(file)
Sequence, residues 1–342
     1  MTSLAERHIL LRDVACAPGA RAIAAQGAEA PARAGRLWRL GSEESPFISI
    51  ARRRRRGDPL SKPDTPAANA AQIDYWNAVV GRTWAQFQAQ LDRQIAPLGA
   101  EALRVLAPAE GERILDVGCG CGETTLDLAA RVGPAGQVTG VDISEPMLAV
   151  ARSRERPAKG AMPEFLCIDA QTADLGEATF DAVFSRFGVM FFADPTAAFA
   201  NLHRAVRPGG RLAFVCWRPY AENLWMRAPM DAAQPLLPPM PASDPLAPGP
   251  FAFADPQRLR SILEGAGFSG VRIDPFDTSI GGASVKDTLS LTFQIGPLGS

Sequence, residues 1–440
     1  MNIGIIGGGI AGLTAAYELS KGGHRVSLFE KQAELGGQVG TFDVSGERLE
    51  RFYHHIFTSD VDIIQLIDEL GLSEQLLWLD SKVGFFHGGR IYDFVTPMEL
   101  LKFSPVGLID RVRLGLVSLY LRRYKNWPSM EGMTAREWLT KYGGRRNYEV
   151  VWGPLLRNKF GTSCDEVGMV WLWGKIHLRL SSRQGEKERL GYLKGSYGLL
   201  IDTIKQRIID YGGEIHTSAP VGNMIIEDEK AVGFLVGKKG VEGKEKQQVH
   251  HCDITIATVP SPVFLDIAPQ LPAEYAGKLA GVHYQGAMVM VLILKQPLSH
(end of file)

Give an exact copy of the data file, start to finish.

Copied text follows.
Sequence, residues 1–342
     1  MTSLAERHIL LRDVACAPGA RAIAAQGAEA PARAGRLWRL GSEESPFISI
    51  ARRRRRGDPL SKPDTPAANA AQIDYWNAVV GRTWAQFQAQ LDRQIAPLGA
   101  EALRVLAPAE GERILDVGCG CGETTLDLAA RVGPAGQVTG VDISEPMLAV
   151  ARSRERPAKG AMPEFLCIDA QTADLGEATF DAVFSRFGVM FFADPTAAFA
   201  NLHRAVRPGG RLAFVCWRPY AENLWMRAPM DAAQPLLPPM PASDPLAPGP
   251  FAFADPQRLR SILEGAGFSG VRIDPFDTSI GGASVKDTLS LTFQIGPLGS

Sequence, residues 1–440
     1  MNIGIIGGGI AGLTAAYELS KGGHRVSLFE KQAELGGQVG TFDVSGERLE
    51  RFYHHIFTSD VDIIQLIDEL GLSEQLLWLD SKVGFFHGGR IYDFVTPMEL
   101  LKFSPVGLID RVRLGLVSLY LRRYKNWPSM EGMTAREWLT KYGGRRNYEV
   151  VWGPLLRNKF GTSCDEVGMV WLWGKIHLRL SSRQGEKERL GYLKGSYGLL
   201  IDTIKQRIID YGGEIHTSAP VGNMIIEDEK AVGFLVGKKG VEGKEKQQVH
   251  HCDITIATVP SPVFLDIAPQ LPAEYAGKLA GVHYQGAMVM VLILKQPLSH